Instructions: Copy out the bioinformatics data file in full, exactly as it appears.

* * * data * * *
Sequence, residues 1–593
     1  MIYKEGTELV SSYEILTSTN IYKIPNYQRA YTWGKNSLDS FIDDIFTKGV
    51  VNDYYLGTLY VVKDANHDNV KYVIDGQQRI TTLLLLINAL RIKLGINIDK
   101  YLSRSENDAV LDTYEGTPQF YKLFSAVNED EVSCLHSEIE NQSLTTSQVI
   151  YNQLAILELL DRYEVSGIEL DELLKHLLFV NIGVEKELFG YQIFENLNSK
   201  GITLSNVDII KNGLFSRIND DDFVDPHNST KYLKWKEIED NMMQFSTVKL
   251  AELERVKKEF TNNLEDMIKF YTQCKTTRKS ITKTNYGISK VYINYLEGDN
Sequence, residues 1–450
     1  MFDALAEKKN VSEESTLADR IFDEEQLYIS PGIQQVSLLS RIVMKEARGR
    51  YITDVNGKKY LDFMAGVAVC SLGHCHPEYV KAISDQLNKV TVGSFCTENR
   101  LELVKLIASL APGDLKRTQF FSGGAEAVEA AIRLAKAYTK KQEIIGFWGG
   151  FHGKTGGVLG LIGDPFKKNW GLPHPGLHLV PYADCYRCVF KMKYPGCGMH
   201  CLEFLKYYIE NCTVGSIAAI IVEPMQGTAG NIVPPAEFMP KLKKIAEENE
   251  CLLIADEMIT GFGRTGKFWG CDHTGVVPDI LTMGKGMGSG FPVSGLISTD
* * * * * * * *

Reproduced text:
Sequence, residues 1–593
     1  MIYKEGTELV SSYEILTSTN IYKIPNYQRA YTWGKNSLDS FIDDIFTKGV
    51  VNDYYLGTLY VVKDANHDNV KYVIDGQQRI TTLLLLINAL RIKLGINIDK
   101  YLSRSENDAV LDTYEGTPQF YKLFSAVNED EVSCLHSEIE NQSLTTSQVI
   151  YNQLAILELL DRYEVSGIEL DELLKHLLFV NIGVEKELFG YQIFENLNSK
   201  GITLSNVDII KNGLFSRIND DDFVDPHNST KYLKWKEIED NMMQFSTVKL
   251  AELERVKKEF TNNLEDMIKF YTQCKTTRKS ITKTNYGISK VYINYLEGDN
Sequence, residues 1–450
     1  MFDALAEKKN VSEESTLADR IFDEEQLYIS PGIQQVSLLS RIVMKEARGR
    51  YITDVNGKKY LDFMAGVAVC SLGHCHPEYV KAISDQLNKV TVGSFCTENR
   101  LELVKLIASL APGDLKRTQF FSGGAEAVEA AIRLAKAYTK KQEIIGFWGG
   151  FHGKTGGVLG LIGDPFKKNW GLPHPGLHLV PYADCYRCVF KMKYPGCGMH
   201  CLEFLKYYIE NCTVGSIAAI IVEPMQGTAG NIVPPAEFMP KLKKIAEENE
   251  CLLIADEMIT GFGRTGKFWG CDHTGVVPDI LTMGKGMGSG FPVSGLISTD